PATSY BRUMFIELD: Holiday preparation, memories bring smiles all around

Thanksgiving is a happy, family time for so many of us.

Going through my mother's recipes last week helped me recall so many sights and smells of it all. I also had a laugh or two, reminded that I have become as compulsive as she about Thanksgiving menus and timetables necessary for food to be ready on time.

“7:15 a.m. – turn on the oven to 325”

“7:45 – Put the turkey into the oven, take a bath, sweep”

And so, over the course of the morning while my teenagers slept, the food made its culinary way toward the dinner table – baked turkey, smoked turkey, dressing, the proverbial green-bean casserole, sweet potato casserole, rice, gravy, corn, relish plate, cranberry salad, green salad, cranberry sauce, stuffed eggs, rolls, ice tea, key lime pie. That was just for we three and a longtime family friend.

One index card in the recipe box even lays out my mother's menu. Under the dessert category, she lists pumpkin or pecan pie, fresh apple cake and ambrosia and fruitcake, then notes “Whatever?? Nobody ever eats it anyway.” She was talking about the ambrosia and fruitcake.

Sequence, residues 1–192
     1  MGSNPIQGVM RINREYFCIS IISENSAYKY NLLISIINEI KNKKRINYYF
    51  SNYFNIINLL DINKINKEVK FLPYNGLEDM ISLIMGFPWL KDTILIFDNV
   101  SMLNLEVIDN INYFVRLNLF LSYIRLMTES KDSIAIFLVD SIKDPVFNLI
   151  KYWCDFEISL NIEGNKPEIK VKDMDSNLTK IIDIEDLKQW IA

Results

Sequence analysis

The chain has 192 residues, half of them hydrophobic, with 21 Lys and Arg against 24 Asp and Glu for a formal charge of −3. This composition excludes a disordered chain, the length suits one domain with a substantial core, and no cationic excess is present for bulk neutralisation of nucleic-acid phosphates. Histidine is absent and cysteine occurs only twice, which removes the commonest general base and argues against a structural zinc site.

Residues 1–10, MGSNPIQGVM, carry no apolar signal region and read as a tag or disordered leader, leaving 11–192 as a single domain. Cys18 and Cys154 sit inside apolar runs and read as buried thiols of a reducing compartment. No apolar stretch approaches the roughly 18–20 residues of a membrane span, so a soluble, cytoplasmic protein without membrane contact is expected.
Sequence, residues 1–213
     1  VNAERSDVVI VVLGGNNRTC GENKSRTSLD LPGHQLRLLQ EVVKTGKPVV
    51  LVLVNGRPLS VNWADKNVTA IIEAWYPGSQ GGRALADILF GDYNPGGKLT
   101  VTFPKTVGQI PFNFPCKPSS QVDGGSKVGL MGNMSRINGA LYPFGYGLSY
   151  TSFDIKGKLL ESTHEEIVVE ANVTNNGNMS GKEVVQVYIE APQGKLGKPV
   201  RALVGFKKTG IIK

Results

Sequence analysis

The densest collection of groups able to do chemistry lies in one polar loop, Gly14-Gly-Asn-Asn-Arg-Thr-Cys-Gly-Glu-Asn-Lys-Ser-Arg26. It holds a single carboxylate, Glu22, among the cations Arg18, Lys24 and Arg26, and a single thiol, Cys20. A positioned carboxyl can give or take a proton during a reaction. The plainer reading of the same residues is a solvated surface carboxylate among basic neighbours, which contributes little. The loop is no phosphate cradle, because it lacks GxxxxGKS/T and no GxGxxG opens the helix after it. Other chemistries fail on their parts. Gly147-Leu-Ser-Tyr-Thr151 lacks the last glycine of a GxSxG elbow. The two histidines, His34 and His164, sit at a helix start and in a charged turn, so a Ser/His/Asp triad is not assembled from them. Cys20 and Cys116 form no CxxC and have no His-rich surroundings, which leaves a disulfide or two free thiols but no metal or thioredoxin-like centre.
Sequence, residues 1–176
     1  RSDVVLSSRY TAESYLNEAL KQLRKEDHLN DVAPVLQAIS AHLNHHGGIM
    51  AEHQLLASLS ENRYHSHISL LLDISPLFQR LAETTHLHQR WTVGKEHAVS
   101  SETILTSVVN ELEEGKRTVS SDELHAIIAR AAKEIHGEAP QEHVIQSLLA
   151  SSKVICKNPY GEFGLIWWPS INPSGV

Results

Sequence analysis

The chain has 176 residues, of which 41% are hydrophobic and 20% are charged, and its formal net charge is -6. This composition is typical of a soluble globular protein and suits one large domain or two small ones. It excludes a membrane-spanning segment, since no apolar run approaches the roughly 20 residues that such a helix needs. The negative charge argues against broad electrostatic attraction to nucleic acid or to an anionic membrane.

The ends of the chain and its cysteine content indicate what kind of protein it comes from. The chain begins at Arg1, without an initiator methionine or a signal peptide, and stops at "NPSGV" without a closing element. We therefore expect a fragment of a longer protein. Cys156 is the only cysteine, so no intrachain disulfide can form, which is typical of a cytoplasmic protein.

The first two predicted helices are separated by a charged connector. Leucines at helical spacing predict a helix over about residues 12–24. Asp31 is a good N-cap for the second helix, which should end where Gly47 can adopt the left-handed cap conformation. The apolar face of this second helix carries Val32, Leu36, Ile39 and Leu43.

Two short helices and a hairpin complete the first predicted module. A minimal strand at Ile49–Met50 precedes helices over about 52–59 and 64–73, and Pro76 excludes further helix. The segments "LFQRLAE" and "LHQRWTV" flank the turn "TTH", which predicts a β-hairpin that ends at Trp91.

I will carefully follow her instructions on the cornbread for the dressing, which I think may be the best part of the whole meal, especially for leftovers.

My mother loved the holiday so much that she set the table days before the actual event.

For the Brumfields, Thanksgiving has meant lots of wonderful food and some pretty memorable naps. One year, we didn't hestitate long over the turkey carcass and pie, and in no time we were so prostrate throughout the house that we could have been mistaken for victims of chemical poisoning.

Remembrance of another special Thanksgiving brings peals of laughter from most of those present, who were fortunate enough to witness one of the most extended and expansive “blessings” ever devised over the festive bird. My then-sister-in-law took it upon herself to pray and pray and pray for everyone and everything under the exalted vault of the universe. I had to evil-eye my young children, who were on the verge of chuckles.

I can't remember whether it was Thanksgiving or Christmas when my mother brought my 94-year-old grandfather to enjoy the fellowship. Even though he was deaf as could be, he sat patiently watching television as my children mischievously changed channels on him from their vantage point on the front porch. He may have thought it all very weird, but he never mentioned it at all.

This year, in my tiny Tupelo home, I'll happily sweat over the cooking and company. We'll pack up our goodies and travel over the river and through the woods to the more spacious home of that longtime family friend where we'll clink our glasses and rejoice in each other's company as our lives continue to change and an uneasy world goes by outside.

And this year, we will think about those who are not at home any more and those who wish they were home. My prayer may not be as expansive as that the one from the then-sister-in-law, but it will be longer than usual. We have much to be thankful for.

Patsy R. Brumfield is news editor of the Daily Journal and can be contacted at

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